After graduation, I was assigned to a three-man office in Manassas, VA, where I was responsible for all the criminal work in two counties. This was a huge departure from police work in Chicago. My areas of responsibilities encompassed miles and miles of rolling countryside. Sometimes it took me the better part of a morning just to drive and meet with someone to conduct an interview.

Two years later, I was transferred back to a more familiar and comfortable environment: Detroit, MI. I spent ten years in that division, and for several of those years I worked undercover assignments as a drug dealer selling steroids, and as a bodyguard protecting a money launderer involved in public corruption cases

I was transferred to the Houston, TX Division where I worked mostly drug cases. Illegal drugs flowed like water across the border, and we had our hands full of violent crime, which is always a by-product of the drug trade.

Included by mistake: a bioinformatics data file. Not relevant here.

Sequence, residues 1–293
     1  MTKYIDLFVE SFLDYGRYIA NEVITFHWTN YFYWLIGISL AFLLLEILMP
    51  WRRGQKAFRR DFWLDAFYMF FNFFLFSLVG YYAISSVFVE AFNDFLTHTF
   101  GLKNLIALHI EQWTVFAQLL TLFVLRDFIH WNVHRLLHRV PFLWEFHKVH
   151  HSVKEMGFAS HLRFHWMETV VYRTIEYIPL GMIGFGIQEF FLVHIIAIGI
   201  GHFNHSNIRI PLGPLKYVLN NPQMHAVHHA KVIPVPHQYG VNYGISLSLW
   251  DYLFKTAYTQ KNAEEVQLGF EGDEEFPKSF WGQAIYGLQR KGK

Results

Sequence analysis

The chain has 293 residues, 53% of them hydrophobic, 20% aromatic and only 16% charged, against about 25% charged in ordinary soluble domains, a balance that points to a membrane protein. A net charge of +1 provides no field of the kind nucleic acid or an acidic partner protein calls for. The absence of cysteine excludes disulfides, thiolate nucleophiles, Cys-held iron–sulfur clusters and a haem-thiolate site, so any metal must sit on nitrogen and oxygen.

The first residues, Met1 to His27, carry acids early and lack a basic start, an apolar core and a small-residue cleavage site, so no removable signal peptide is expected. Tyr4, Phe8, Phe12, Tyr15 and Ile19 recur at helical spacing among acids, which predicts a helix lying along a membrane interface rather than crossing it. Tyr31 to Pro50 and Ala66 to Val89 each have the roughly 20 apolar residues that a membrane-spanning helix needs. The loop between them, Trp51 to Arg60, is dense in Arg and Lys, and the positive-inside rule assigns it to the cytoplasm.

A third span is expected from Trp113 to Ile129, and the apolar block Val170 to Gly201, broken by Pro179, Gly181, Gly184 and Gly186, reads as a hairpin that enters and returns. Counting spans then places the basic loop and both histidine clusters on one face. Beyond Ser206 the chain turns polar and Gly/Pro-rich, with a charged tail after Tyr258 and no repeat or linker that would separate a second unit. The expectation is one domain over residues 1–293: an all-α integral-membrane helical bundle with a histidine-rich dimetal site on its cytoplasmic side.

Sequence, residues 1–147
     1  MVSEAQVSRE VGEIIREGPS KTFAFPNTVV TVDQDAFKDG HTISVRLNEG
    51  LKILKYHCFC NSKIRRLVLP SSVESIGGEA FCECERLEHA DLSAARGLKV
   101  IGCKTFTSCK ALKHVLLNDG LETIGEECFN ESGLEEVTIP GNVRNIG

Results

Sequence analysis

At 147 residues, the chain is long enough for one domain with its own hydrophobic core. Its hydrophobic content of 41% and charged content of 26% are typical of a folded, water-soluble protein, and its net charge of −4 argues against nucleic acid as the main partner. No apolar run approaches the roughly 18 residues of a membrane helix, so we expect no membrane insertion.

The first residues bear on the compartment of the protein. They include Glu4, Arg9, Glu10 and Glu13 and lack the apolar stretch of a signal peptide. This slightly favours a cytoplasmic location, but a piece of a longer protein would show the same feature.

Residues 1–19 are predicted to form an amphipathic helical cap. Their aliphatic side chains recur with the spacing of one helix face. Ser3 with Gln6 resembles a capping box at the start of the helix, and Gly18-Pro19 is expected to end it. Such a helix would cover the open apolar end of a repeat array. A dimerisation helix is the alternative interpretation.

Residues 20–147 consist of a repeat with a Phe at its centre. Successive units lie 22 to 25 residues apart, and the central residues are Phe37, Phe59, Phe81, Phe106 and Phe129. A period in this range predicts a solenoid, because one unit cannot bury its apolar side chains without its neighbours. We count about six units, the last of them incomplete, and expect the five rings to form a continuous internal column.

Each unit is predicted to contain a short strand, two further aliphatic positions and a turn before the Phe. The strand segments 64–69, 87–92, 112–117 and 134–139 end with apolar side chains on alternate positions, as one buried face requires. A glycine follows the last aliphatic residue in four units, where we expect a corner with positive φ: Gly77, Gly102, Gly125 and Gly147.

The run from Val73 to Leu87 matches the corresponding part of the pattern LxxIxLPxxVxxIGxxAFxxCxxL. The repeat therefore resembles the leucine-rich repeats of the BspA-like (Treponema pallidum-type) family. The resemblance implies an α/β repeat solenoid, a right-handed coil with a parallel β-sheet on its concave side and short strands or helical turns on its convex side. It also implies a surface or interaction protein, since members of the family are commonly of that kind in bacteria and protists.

During my career as an agent, I also served as a SWAT team member, firearms instructor, defensive tactics instructor and several other disciplines. Eventually, an opening developed at the FBI Academy for a Street Survival Instructor. I applied, and several months later I transferred to Quantico, where I served the remainder of my career, to include travelling internationally to conduct street survival schools for police.

During the tragic events of 9/11, I worked at the Pentagon and Pennsylvania crash sites. After those assignments, I was temporarily assigned to FBI Headquarters in a unit where we established a nexus for the Middle East connection, and eventually identified those responsible for the terror plot.

TAEM- What made you choose writing as your next career?

JMW- Because of my Catholic school education, sixteen years worth, writing came naturally. The FBI involved more paper work than police work—conducting interviews and interrogations and then putting the information on paper in the form of a story that leads to a prosecution. Thus, my previous life in law enforcement was the best preparation possible for becoming a writer.